• You are fully vaccinated which means that it has been 14 days since you received a single dose of Janssen (J&J) or a second dose of Moderna or Pfizer vaccine. If you have been given a quarantine order and you are fully vaccinated, please complete the form linked on your order.
  • You have tested positive with a CLIA-certified provider (such as a health clinic, urgent care, or community testing site) in the past 90 days. A positive at-home test does not meet this criteria.

CDC recommends that individuals who are fully vaccinated who have come into close contact with someone who has COVID-19 be tested 3-5 days after exposure, and to wear a mask in public indoor settings for 14 days or until they receive a negative test result.

Frequently Asked Questions

It can be hard to tell if symptoms are from COVID-19 vs. from other respiratory diseases like the flu or a cold. Generally, if someone has at least two minor symptoms like a fever, chills, muscle aches, or headache, or have one major symptom like a cough, shortness of breath, or loss of taste or smell and we know they came into contact with someone who tested positive for COVID-19, we would consider that a probable COVID-19 infection and ask you to isolate. 

We recommend that anyone who has COVID-like symptoms, get tested. Many local healthcare providers can test if someone has symptoms and there are many community testing sites available for those who do not have a healthcare provider locally.

We strongly recommend that anyone who was exposed to COVID-19 quarantine for 14 days after they were exposed. If they do not have symptoms of COVID-19, the quarantine period may end after the 10th day after being exposed to someone with COVID-19. Most childcare centers and schools in Larimer County are not allowing the alternative quarantine 7-day option for students or staff, as this option carries the highest risk.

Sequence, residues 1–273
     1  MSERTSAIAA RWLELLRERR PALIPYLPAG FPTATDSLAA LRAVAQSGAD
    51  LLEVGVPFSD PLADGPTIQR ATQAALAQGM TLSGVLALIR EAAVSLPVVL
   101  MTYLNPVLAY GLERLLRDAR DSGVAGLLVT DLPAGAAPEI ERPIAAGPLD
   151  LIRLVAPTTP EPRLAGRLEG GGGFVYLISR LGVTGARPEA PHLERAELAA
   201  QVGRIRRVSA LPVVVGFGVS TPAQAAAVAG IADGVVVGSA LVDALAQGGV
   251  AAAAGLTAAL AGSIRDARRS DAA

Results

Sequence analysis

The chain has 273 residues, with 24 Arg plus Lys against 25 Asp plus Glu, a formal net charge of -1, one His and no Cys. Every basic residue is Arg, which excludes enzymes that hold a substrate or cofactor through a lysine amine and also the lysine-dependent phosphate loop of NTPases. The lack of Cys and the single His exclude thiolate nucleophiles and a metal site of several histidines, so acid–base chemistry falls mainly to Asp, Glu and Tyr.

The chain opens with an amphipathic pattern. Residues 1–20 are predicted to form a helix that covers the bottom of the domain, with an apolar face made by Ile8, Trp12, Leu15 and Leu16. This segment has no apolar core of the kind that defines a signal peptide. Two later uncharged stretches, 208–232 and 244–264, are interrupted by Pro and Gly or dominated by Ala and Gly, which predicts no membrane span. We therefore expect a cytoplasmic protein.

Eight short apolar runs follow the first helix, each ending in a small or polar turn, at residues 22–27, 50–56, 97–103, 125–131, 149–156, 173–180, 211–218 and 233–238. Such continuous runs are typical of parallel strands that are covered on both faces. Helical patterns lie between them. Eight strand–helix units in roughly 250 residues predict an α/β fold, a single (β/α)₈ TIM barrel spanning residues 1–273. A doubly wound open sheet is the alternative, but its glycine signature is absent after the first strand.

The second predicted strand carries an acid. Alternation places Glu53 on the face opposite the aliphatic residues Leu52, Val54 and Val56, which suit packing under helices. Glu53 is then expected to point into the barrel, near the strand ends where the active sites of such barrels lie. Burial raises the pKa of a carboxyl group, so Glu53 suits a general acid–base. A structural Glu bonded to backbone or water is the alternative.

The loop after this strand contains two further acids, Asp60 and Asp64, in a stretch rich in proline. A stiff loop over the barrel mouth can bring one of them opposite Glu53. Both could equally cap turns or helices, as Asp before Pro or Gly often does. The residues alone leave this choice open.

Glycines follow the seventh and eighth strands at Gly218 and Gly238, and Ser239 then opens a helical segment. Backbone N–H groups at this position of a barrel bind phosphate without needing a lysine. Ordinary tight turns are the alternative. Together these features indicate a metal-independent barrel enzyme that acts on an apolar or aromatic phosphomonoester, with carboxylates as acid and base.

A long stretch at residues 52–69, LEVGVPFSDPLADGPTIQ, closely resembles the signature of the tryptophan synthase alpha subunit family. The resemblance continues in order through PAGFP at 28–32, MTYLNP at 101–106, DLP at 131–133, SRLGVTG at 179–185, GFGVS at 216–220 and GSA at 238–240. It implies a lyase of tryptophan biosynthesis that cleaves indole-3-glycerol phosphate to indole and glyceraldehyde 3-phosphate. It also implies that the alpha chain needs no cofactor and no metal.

Every individual will be quarantined for different lengths of times based on the last day they were in contact with someone who has COVID-19. Different end dates mean they were last in contact with someone who has COVID-19 on different days. Quarantine may also end sooner than 14 days if certain criteria are met.

The quarantine period starts on the last date someone is exposed to someone who is infectious with COVID. When someone lives with someone who is infectious with COVID, they may be continuously exposed until the person with COVID is no longer infectious (their last day of isolation) if they are not able to completely isolate away from the person who is sick.

 In these situations, someone will need to quarantine until the person they live with finishes isolation and then for an additional 14 days.

Wearing a mask significantly lowers the risk, but similar to wearing a helmet while playing football or wearing a seatbelt in a car, they do not eliminate risk entirely. Therefore we cannot consider them to be fully protective. Face coverings are not a substitute for social distancing, masking alone is not sufficient protection - only when combined with social distancing (where possible) would someone not be considered a close contact.

Yes. Masks lower, but don't completely prevent, transmission. Cloth face coverings and surgical masks are designed to protect others from the person wearing it. Evidence is starting to emerge that the mask may protect the person wearing it from others, but more research is needed. Face coverings are not a substitute for maintaining distance and masks shouldn't be used alone. 

Larimer County has partnered with the Health District to provide shelter, transportation, meals, and other needs for those who don’t have a safe place to stay during this time. To arrange a stay, call 970-817-3516.

When the health department issues quarantine letters, the address where the person will quarantine is included. To request a change of location for the quarantine period, please complete this form. If a request is approved, a new quarantine letter with the new quarantine address will be issued. 

During the quarantine period it’s okay to do some outdoor activities like taking a walk as long as you can distance from others.

We do not recommend using drive-thru services as you would still have contact with the person at the window. To the greatest extent possible, we recommend having groceries and meals delivered.